How To Develop and Evaluate Large Deep Learning Models with Keras on Amazon Web Services

Keras is a Python deep learning library that provides easy and convenient access to the powerful numerical libraries Theano and TensorFlow.

Large deep learning models require a lot of compute time to run. You can run them on your CPU but it can take hours or days to get a result. If you have access to a GPU on your desktop, you can drastically speed up the training time of your deep learning models.

In this post, you will discover how you can get access to GPUs to speed up the training of your deep learning models by using the Amazon Web Service (AWS) infrastructure. For less than a dollar per hour and often a lot cheaper you can use this service from your workstation or laptop.

Let’s get started.

  • Update Oct/2016: Updated examples for Keras 1.1.0.
  • Update Mar/2017: Updated to use new AMI, Keras 2.0.2 and TensorFlow 1.0.
Amazon Web Services

Amazon Web Services
Photo by Andrew Mager, some rights reserved

Tutorial Overview

The process is quite simple because most of the work has already been done for us.

Below is an overview of the process.

  1. Setup Your AWS Account.
  2. Launch Your AWS Instance.
  3. Login and Run Your Code.
  4. Close Your AWS Instance.

Note, it costs money to use a virtual server instance on Amazon. The cost is low for ad hoc model development (e.g. less than one US dollar per hour), which is why this is so attractive, but it is not free.

The server instance runs Linux. It is desirable although not required that you know how to navigate Linux or a unix-like environment. We’re just running our Python scripts, so no advanced skills are needed.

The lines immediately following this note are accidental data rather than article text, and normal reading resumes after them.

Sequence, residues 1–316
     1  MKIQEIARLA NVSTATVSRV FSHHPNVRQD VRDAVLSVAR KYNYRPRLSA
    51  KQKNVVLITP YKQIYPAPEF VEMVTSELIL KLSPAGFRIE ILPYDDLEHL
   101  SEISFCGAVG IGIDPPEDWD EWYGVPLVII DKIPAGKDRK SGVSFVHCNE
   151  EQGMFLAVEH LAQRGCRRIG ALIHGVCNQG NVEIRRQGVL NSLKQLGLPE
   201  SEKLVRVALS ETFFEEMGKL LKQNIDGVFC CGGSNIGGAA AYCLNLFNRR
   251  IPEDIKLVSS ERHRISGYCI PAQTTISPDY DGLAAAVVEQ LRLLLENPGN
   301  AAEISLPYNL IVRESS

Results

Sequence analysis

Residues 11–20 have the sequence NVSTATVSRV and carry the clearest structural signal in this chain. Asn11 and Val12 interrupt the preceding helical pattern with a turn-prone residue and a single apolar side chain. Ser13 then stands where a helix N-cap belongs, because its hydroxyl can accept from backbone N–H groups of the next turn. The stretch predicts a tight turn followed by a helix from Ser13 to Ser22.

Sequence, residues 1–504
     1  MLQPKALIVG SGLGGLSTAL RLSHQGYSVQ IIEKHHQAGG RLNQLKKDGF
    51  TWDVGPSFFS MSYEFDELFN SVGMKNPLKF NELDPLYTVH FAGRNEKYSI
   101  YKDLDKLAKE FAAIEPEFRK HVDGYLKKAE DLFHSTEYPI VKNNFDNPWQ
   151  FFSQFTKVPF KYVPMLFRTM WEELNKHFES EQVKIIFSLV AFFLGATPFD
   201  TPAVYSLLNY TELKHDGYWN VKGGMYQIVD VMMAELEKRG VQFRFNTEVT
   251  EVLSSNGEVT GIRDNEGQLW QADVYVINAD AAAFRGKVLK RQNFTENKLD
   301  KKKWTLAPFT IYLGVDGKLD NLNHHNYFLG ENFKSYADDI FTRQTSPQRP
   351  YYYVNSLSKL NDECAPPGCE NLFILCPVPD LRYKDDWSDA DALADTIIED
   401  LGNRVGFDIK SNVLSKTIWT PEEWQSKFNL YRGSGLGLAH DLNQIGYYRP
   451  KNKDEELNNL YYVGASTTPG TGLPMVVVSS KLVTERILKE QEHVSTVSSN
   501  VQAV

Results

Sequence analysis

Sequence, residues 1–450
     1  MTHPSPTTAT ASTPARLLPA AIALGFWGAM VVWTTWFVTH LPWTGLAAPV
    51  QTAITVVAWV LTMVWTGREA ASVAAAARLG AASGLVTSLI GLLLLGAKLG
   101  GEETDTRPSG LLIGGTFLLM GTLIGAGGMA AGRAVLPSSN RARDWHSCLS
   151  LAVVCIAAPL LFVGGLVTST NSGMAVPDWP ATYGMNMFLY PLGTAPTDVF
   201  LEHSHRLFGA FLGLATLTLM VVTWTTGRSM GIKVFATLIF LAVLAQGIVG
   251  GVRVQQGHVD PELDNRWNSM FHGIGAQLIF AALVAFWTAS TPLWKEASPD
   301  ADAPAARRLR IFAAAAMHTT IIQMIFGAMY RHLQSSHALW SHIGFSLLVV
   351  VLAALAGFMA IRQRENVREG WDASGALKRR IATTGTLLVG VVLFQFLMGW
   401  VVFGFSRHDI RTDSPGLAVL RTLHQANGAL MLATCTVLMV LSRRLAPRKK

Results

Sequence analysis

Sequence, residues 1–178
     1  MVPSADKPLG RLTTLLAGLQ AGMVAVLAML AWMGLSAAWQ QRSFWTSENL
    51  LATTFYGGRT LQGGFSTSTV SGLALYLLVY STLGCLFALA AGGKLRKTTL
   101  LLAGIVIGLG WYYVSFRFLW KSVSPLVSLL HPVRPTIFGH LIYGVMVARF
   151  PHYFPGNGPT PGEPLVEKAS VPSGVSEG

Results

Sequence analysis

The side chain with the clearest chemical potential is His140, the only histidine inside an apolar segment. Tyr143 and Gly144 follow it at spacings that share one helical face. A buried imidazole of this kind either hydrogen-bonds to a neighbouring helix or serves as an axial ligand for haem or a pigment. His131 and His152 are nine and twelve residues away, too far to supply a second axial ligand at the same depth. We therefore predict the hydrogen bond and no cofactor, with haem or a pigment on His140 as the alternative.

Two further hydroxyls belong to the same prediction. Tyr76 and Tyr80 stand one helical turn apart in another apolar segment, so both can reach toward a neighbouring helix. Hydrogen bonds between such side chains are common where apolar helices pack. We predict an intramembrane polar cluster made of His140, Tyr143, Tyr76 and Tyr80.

1. Setup Your AWS Account

You need an account on Amazon Web Services.

  • 1. You can create an account by the Amazon Web Services portal and click “Sign in to the Console”. From there you can sign in using an existing Amazon account or create a new account.
AWS Sign-in Button

AWS Sign-in Button

  • 2. You will need to provide your details as well as a valid credit card that Amazon can charge. The process is a lot quicker if you are already an Amazon customer and have your credit card on file.
AWS Sign-In Form

AWS Sign-In Form

Once you have an account you can log into the Amazon Web Services console.

You will see a range of different services that you can access.

2. Launch Your AWS Instance

Now that you have an AWS account, you want to launch an EC2 virtual server instance on which you can run Keras.

Launching an instance is as easy as selecting the image to load and starting the virtual server. Thankfully there is already an image available that has almost everything we need it is called the Deep Learning AMI Amazon Linux Version and was created and is maintained by Amazon. Let’s launch it as an instance.

  • 1. Login to your AWS console if you have not already.
AWS Console

AWS Console

  • 2. Click on EC2 for launching a new virtual server.
  • 3. Select “US West Orgeon” from the drop-down in the top right hand corner. This is important otherwise you will not be able to find the image we plan to use.
  • 4. Click the “Launch Instance” button.
  • 5. Click “Community AMIs”. An AMI is an Amazon Machine Image. It is a frozen instance of a server that you can select and instantiate on a new virtual server.
Community AMIs

Community AMIs